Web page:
REVIEW: Paul Weller 66

REVIEW: Paul Weller 66

The year 1958; Sweden held the FIFA World Cup, Sputnik 1 re-entered the atmosphere & burnt up, whilst Gibson patented the Flying V Guitar. Other significant musical appearances included the release of All I Have To Do Is Dream The Everly Brothers, Rave On by Buddy Holly and the birth of a certain John William Weller.

Reborn as Paul Weller, the last 65 years of Wellers earthly sojourn has seen him embrace a multitude of musical elements reaching back to when the young Modfather embraced Sargent Pepper after a sale of his own toys enabled the prized gatefold vinyl to be purchased. Since this early acquaintance with the Liverpool musical geniuses, Weller’s mind, heart and soul have been pigeon carried on its own Magical Mystery Tour welcoming in amaranthine singles, bullseye albums, his latest long player 66 is set to join this uninterrupted line of all conquering symphonic residence releases.

Recorded at his home from home recording studio Black Barn, Surrey, the creative juices on this new release magnify Southern soul, Revolution rock whilst there’s immaculate folk brushes and classical patches, used with the sort of grace only a Rembrandt brush could equal. Ship Of Fools, written with Suggs, opens proceedings. Breezing through as carefree as a summers days skipping adventure, there are however similarities to The Lodgers with its lyrics aimed towards those clueless cronies running the country.

Flying Fish reminds ever so slightly of Where I Should I Be but with an added disco glitterball; Jumble Queen has been played at length on Wellers recent live shows, changing its title from Take the more curious title and lyrics penned by Noel Gallagher talk of ‘take what you want’, maybe a nudge in the direction of Gallagher’s recent personal affairs, who cares, it’s a bonafide rhythm and blues cracker in a similar vein to The Hi Numbers Heart Of Stone.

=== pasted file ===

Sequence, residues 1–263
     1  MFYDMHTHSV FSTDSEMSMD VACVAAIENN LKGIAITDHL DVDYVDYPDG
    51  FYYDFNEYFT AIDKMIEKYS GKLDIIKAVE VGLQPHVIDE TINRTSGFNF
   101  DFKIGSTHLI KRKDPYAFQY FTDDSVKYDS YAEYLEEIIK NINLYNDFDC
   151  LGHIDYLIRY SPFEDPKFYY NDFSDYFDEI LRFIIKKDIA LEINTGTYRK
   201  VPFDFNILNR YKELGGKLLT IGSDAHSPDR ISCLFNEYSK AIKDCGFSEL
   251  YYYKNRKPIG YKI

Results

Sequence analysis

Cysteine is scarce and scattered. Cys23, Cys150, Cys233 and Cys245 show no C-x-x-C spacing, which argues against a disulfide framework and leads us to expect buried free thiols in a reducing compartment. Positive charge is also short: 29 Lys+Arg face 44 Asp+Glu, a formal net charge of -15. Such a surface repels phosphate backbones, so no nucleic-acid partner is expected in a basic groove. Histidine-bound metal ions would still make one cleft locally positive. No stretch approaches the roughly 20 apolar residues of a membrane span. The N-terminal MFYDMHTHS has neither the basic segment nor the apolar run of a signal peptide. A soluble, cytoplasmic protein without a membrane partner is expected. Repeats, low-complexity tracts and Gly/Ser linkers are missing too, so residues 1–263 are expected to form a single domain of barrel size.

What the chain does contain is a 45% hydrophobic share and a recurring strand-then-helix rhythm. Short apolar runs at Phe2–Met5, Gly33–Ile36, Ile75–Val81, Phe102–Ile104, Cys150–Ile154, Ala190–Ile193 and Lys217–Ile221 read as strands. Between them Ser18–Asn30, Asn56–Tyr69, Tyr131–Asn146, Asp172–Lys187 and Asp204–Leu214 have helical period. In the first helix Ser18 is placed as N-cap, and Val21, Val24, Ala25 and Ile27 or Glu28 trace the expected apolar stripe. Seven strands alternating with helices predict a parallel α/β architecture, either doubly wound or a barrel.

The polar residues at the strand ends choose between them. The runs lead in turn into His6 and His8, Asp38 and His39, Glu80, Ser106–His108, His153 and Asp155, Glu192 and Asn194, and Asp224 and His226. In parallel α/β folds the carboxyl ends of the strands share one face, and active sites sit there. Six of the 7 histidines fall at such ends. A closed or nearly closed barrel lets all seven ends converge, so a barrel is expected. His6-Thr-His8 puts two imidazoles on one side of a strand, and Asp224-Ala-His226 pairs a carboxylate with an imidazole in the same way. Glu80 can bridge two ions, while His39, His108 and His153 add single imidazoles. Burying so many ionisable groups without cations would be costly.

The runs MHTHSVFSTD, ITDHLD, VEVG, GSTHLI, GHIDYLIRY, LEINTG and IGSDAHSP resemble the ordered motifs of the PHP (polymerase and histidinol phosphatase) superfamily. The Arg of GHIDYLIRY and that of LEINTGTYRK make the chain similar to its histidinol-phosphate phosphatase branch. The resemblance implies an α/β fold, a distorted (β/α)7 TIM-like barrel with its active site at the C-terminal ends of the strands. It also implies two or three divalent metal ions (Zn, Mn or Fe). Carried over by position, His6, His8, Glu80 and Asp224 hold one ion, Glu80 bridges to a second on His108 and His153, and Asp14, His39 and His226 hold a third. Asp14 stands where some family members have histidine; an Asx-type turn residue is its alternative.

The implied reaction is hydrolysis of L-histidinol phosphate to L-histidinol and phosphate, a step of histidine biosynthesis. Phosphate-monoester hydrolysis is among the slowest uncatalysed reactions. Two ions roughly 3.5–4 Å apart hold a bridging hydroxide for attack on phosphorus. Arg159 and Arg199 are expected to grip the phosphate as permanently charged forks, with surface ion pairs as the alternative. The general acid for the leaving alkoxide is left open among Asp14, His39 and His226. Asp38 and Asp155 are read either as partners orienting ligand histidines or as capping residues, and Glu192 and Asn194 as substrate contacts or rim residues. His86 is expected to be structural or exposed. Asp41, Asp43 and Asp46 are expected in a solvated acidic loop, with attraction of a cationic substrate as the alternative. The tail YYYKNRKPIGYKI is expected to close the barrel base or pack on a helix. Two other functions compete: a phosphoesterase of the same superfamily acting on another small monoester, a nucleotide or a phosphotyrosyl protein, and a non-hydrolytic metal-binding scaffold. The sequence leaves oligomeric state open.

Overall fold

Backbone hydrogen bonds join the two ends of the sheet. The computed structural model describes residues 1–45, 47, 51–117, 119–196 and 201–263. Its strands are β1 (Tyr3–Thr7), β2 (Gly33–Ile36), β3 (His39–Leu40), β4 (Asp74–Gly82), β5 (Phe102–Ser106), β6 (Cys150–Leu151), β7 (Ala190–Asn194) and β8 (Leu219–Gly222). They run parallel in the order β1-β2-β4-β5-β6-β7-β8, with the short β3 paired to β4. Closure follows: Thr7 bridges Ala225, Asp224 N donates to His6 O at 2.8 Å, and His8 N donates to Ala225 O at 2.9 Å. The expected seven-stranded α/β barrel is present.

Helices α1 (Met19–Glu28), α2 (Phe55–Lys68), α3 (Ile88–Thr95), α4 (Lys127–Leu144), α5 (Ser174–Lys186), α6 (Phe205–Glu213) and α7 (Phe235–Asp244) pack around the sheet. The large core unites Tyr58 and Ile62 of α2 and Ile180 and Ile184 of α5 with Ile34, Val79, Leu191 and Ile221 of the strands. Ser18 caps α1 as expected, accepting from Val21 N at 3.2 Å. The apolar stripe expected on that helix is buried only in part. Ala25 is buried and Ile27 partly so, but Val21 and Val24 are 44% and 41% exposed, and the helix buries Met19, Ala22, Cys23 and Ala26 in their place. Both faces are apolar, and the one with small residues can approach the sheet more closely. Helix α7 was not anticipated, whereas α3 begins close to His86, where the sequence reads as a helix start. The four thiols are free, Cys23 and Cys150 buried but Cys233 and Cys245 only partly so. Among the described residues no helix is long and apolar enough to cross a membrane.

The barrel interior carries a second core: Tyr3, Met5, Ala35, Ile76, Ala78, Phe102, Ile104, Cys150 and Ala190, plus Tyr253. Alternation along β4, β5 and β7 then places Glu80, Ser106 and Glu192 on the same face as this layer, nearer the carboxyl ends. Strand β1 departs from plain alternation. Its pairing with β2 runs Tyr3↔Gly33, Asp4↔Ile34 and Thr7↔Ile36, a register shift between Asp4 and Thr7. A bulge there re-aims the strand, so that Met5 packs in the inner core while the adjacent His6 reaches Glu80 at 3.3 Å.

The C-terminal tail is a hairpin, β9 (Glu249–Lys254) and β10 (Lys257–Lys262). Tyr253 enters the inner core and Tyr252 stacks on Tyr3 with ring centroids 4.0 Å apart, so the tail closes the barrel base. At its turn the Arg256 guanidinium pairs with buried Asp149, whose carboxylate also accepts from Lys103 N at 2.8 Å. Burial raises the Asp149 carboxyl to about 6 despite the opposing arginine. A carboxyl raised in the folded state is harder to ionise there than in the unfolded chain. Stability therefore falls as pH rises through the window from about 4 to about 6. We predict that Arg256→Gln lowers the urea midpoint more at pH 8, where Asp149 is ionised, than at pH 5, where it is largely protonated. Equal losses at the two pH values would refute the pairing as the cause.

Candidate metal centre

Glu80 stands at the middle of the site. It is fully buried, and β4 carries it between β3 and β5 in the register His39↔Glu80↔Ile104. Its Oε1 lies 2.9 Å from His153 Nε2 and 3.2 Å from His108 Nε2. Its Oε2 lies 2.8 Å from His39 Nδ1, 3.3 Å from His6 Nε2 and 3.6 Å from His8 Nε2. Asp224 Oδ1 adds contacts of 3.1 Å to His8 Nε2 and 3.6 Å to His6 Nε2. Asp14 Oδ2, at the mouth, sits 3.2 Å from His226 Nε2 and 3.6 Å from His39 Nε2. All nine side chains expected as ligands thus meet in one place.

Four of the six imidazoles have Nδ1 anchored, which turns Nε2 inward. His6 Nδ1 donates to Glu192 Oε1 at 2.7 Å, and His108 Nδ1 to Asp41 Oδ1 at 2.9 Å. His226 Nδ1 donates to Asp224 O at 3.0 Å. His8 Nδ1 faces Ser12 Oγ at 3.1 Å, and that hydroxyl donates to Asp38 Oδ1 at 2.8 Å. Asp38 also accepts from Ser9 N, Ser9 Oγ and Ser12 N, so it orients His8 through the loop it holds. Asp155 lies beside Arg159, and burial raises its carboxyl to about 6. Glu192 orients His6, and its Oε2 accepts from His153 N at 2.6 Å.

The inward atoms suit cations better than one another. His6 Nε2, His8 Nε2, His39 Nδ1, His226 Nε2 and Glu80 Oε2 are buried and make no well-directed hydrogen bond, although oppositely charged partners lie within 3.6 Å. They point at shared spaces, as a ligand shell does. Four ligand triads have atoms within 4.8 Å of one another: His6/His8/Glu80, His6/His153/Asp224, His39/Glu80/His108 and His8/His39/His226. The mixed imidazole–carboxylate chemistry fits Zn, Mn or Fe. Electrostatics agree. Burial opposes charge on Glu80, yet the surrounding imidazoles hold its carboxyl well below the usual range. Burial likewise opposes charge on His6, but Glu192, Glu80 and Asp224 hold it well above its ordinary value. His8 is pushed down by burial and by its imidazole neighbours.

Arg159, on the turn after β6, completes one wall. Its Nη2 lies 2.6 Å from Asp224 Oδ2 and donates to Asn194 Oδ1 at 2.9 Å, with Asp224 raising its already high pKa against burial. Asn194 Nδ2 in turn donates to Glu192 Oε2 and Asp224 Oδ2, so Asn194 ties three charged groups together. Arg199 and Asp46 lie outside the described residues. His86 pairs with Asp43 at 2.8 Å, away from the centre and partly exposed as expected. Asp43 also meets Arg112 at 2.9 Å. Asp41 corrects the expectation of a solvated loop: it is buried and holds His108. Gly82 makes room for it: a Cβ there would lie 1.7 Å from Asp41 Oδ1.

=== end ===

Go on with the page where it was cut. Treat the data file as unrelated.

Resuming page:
Nothing has luscious horns, centerfold harmonies, with the addition of Kool and the Gang Summertime Madness synths; My Best Friends Coat is reminiscent of The Long And Winding Road with its whimsical delightsome classical piano and full band backing; Rise Up Singing has characteristics of True Meanings, delivering a strong sense of Major Lance at his prime, the use of a harp whisks you away into heavens summit.

I Woke Up is poignant, ‘I woke up, and everything had gone’ is Weller talking of a bitter split? Who knows, but this Bryter Later lamenting ballad delivers; A Glimpse Of You harks back in some small token to As Is Now The Start Of Forever; Sleepy Hallow could fit easily into the 10/10 The Coral album Sea Of Mirrors Weller sounding like the crooner we’ve been waiting for to fill Madison Square Garden; In Full Flight distributes subtle choruses with a Wailers sounding guitar filling the void; lead single Soul Wondering is the TOTP anthem that needs using on any rebirth, top notch John Lee Hooker guitars with a chorus straight out of the top draw, the track certainly brings a Whole Lotta Love.

Concluding tune Burn Out mirrors The Beatles Your Mother Should Know with the addition of Hole In My Shoe phasing, the combination is potent and lethal to the ears, heart, mind and soul. The album as a complete piece of work is as perfect as it gets from Weller, his talent seemingly knows no end, and it’s a real joy watching and listening to this remarkable path of work Weller has been on for these 66 years. Bring on the next 6 generations I say!

66 can be purchased via the following link